Once something has truly reached the end of its life, you can then recycle it. In addition to setting things like plastic milk jugs and paper bags out on the curb for pickup every week, recycling also means figuring out how to properly dispose of things you can no longer use. There are a number of ways to responsibly dispose of hard-to-recycle items, including finding a local organization such as a Habitat for Humanity ReStore to take your old household appliances to, searching the Earth911 database to find a recycling center near you, and sending Brita filters and alkaline batteries to TerraCycle to be responsibly recycled.
If you’re getting rid of something you no longer need that’s still perfectly good, you can also recycle it by sending it into the secondhand economy so someone else can use it. Do this by listing it for sale or giving it away for free on sites such as Craigslist or apps such as Letgo. Put an ad on your apartment building bulletin board or ask your friends and neighbors if they need or want it. Doing so could help you earn a little money and will keep the item from heading to the landfill or getting recycled while it’s still perfectly usable.
If you’re wondering why “recycle” is so far down the zero waste list, it’s because simply tossing an item in the recycling bin doesn’t guarantee a happy ending. In fact, by some estimates, almost 25% of the things an average consumer puts out with their municipal recycling actually ends up in the landfill for several reasons.
Customers don’t always know what can and can’t be recycled. If they throw something in their recycling bin that can’t be processed, that item can actually contaminate the entire recycling batch, which means the whole thing has to be sent to the landfill instead. Dirty or food-soiled containers also can’t be recycled, so if you don’t wash out a tomato sauce jar, or you throw a cheesy, grease-soaked pizza box into the bin and hope for the best, those items have to be painstakingly pulled out of the stream either by municipal workers or at the recycling facility.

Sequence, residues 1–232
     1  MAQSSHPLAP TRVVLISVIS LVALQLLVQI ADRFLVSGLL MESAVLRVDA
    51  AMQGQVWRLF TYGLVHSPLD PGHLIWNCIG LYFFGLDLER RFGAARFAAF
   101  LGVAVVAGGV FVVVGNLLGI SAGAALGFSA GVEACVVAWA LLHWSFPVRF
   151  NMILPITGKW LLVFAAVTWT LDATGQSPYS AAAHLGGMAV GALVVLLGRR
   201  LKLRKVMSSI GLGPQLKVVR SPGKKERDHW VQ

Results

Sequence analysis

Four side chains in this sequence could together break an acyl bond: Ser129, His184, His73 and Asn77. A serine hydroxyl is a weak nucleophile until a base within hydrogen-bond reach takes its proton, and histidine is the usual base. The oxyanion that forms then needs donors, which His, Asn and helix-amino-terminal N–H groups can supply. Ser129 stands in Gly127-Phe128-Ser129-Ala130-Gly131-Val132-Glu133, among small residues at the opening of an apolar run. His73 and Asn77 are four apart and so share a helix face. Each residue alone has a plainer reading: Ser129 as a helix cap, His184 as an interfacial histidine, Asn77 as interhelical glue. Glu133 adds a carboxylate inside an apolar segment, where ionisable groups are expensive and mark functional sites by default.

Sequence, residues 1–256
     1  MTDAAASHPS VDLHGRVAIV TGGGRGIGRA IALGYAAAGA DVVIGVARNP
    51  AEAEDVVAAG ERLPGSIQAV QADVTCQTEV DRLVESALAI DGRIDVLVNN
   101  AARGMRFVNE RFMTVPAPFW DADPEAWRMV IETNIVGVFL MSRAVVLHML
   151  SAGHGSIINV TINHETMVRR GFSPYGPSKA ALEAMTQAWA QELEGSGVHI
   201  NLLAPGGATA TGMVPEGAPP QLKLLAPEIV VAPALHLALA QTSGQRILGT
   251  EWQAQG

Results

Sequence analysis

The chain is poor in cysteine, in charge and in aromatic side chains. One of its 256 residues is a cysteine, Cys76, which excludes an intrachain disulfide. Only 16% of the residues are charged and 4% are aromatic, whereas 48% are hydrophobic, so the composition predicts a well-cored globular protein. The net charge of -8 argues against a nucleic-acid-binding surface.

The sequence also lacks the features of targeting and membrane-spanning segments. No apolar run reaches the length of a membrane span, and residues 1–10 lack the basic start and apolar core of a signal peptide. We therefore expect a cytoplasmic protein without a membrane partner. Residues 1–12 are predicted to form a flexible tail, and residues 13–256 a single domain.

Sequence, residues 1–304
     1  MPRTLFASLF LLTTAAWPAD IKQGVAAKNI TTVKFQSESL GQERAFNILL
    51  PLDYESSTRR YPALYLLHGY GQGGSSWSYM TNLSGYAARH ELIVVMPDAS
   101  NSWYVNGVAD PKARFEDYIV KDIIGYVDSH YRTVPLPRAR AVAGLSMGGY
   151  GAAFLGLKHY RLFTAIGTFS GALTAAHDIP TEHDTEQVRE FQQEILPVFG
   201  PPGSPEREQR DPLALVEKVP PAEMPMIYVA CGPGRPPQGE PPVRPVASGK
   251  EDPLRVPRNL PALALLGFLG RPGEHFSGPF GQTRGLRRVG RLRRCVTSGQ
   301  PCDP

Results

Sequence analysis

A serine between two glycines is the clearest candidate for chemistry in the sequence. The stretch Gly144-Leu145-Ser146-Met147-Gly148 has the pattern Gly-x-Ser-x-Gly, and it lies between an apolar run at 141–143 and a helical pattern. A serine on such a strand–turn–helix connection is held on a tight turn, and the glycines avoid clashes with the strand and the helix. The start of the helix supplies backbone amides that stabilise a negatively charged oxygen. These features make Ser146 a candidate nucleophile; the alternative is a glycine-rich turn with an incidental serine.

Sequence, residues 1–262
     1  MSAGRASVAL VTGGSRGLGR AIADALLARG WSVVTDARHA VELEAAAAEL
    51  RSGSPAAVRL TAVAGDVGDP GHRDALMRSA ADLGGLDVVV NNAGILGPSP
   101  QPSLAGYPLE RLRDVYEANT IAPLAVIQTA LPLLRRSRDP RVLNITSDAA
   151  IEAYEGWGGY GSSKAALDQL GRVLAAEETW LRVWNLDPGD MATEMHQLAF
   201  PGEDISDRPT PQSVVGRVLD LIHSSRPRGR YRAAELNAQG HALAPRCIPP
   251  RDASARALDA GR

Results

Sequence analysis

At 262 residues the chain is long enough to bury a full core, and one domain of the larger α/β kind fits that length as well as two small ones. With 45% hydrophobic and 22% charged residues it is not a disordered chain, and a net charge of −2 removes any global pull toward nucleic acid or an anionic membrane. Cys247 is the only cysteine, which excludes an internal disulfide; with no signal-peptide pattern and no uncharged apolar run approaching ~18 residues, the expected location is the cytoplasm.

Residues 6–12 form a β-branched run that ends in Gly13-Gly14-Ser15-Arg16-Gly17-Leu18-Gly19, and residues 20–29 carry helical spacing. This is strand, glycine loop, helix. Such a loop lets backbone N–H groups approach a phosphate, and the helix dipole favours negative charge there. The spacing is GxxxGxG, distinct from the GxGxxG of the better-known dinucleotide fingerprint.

Finally, in the past, much of our recyclables were shipped to China instead of being processed in the United States. But ever since China banned the import of many types of plastic and paper in January 2018, recyclers and waste management companies have had literal tons of recyclable materials on their hands and nowhere to send it. In many cases, it’s more cost-effective to send this stuff to the landfill than recycle it.
There are also a number of materials that can only be recycled once, or downcycled. Plastic especially, due to the nature of its molecular makeup, can often only be melted down and re-formed once, often in the form of other lower-quality plastic items like plastic lumber and insulation materials. These second-generation plastic items, once they break down or are no longer wanted, are then sent to the landfill.
In all cases, choosing reusable containers and reducing the need for single-use plastic items is better than absolving your conscience by throwing them in the recycling bin.
The final tenet of zero waste is rot, another way of saying “compost.” If you’re new to composting, it’s the aerobic method by which organic waste breaks down. Most of us probably learned about the breakdown of organic matter way back in elementary school when we buried both a banana peel and a plastic bag in the ground and then dug them up six weeks later to see what had happened. The banana peel, aided by bacteria and oxygen in the soil, began to turn into dirt, whereas the plastic bag just got dirty.